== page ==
Chesley H. Harris
Experiencing Chesley H. Harris for the first time in the Spring of 1949 at a one course field trial was something no one could ever forget. I never have.
And, standing nearly six-seven, with a handshake of enveloping callous, Ches was a Life Force, larger and more impressive than my father-in-law, who was just six-three.
He was legendary in more ways that his physical stature. He was successor to Jim Avent at Grand Junction, running there in 1915 when he was just 23 years old, and then winning the Free-For-All three years later with Carl Duffield’s immortal tricolor longhair, Candy Kid.
He had dominated the National thereafter in the 20s and early 30s with Becky Broom Hill, McTyre, Mary Blue and Norias Annie.
And here he was at li’l ole Snapfinger Creek, south of Atlanta and Decatur. I was star-struck, just 24 and entranced by dogs that pointed with class more than I had ever seen by killing birds they found.
Mystical moments when plunging pointers became sculptures frozen in midstride swarmed my dreams as no falling flight ever had. I was addicted. And this huge Mississippi-born manipulator of bird dog psyches was to make strong medicine in my heart.
The thing I first learned about him was how much he was respected by every one of his peers. Not just George Crangle and John S. Gates, who seemed to be very close to him, but all the trainers and handlers.
Ches’ trademark was that he never danced in glowing victory or crowed in boast. He was almost shy about winning. And he never whined, moaned or carped no matter how shockingly unfair the defeat. Never.
Miss LeElla, his loving and beloved wife told Bill Brown she had never heard him, even in his DREAMS, complain about a field trial judicial decision, although he dreamed and half-dreamed with much excitement about baseball and football — even little league contests.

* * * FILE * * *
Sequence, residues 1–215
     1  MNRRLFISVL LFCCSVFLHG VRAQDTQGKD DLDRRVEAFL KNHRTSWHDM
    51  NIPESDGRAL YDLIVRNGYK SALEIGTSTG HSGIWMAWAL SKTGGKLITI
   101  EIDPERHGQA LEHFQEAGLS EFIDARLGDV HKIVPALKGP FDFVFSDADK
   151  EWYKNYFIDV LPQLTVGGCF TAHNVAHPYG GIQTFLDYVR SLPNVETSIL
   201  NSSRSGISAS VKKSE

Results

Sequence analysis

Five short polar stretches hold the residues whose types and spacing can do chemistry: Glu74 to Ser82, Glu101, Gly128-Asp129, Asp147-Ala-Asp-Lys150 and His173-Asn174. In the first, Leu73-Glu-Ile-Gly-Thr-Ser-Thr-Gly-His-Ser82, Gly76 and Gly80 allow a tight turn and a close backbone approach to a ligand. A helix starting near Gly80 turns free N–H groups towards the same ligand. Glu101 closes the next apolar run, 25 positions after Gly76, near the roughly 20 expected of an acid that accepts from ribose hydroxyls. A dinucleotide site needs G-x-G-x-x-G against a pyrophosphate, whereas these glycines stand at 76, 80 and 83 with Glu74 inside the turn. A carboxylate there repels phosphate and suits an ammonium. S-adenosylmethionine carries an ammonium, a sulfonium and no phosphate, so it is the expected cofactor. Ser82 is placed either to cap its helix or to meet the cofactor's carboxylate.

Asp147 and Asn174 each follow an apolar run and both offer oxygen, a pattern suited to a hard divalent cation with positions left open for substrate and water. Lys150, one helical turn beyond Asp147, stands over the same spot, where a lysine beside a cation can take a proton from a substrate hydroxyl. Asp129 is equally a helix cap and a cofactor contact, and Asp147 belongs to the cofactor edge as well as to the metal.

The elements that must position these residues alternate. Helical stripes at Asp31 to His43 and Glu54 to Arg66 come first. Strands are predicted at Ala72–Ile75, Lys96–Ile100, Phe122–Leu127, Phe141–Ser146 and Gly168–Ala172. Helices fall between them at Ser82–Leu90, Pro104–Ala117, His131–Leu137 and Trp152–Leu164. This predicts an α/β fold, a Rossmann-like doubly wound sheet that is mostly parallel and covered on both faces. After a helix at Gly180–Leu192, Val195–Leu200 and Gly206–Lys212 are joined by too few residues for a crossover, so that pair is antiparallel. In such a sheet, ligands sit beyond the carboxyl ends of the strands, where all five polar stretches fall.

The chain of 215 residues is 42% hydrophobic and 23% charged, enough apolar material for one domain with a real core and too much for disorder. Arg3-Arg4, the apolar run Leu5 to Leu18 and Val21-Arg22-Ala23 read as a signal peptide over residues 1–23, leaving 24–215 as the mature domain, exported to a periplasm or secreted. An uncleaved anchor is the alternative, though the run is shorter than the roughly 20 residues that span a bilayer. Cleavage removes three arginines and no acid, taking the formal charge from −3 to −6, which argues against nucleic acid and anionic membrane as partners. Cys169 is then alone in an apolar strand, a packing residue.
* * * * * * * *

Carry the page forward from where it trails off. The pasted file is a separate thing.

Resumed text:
Ches was, however VERY settled in his ways, as we are wont to say in the South.
He was unabashedly certain of his beliefs and could hold forth on them. He was very kind and free in sharing his opinions on training techniques, but would just go silent if he thought you were unserious.
I always thought Ches had a special place inside himself where he could go and look out at everybody else.
He was the greatest honest poker player in human history, to my mind.
And, Honesty was his sacred Ground and his Gonfalon.
When he took dogs to the prairie, in a special train car, for Walter Teagle, he took, in addition to Miss LeElla and her brother, Prather Robinson, several kennel aides who helped build a camp near Pierson, Manitoba.
V. E. Humphries, in the summer of 1964, took me to the old camp house and we searched for the graves of McTyre and Becky Broom Hill. The marble markers were gone, but a building still stood.
Ches guided Becky Broom Hill to her National Championship wins in 1922, 1923, and 1925.
It was constructed entirely of the cross-arms of huge electric transmission towers that Ches “dickered” someone out of, VERY inexpensively.
Humphries and Leon Covington averred that Ches got them for moving them out of the way when the power people went to metal crossbars.
Chesley H. Harris was, definitely “close” about his nickels.
Some made much of what they characterized as his “closeness” with his pennies and nickels. But his secret generosities became legend.
When I stopped reporting, I still had a special Canadian hinged saddle made for Ches’ huge firm frame.
He was larger than Life and more generous than any imagination when it came to children, “greenhorns” and nescient beginners like me.
Ches told one time about Mr. Cuthbert Buckle telling him to “take that splendid tireless dog” (McTyre) home and teach him his name…”
As a result, between the end of that National Championship and his next visit to Grand Junction …”We killed more than 1,700 birds for Mac…Took maybe a tiny edge off him, and we won the National, but, lissen heere, now!!, McTyre was THE MOST dog….”
The great pointer McTyre. He won the National Championship in 1927. A week later, he won the National Free-For-All and was R-U in the Continental Subscription Stake the third week.
1929, 1931 National Champion, Mary Blue
1934 National Championship winner, Norius Annie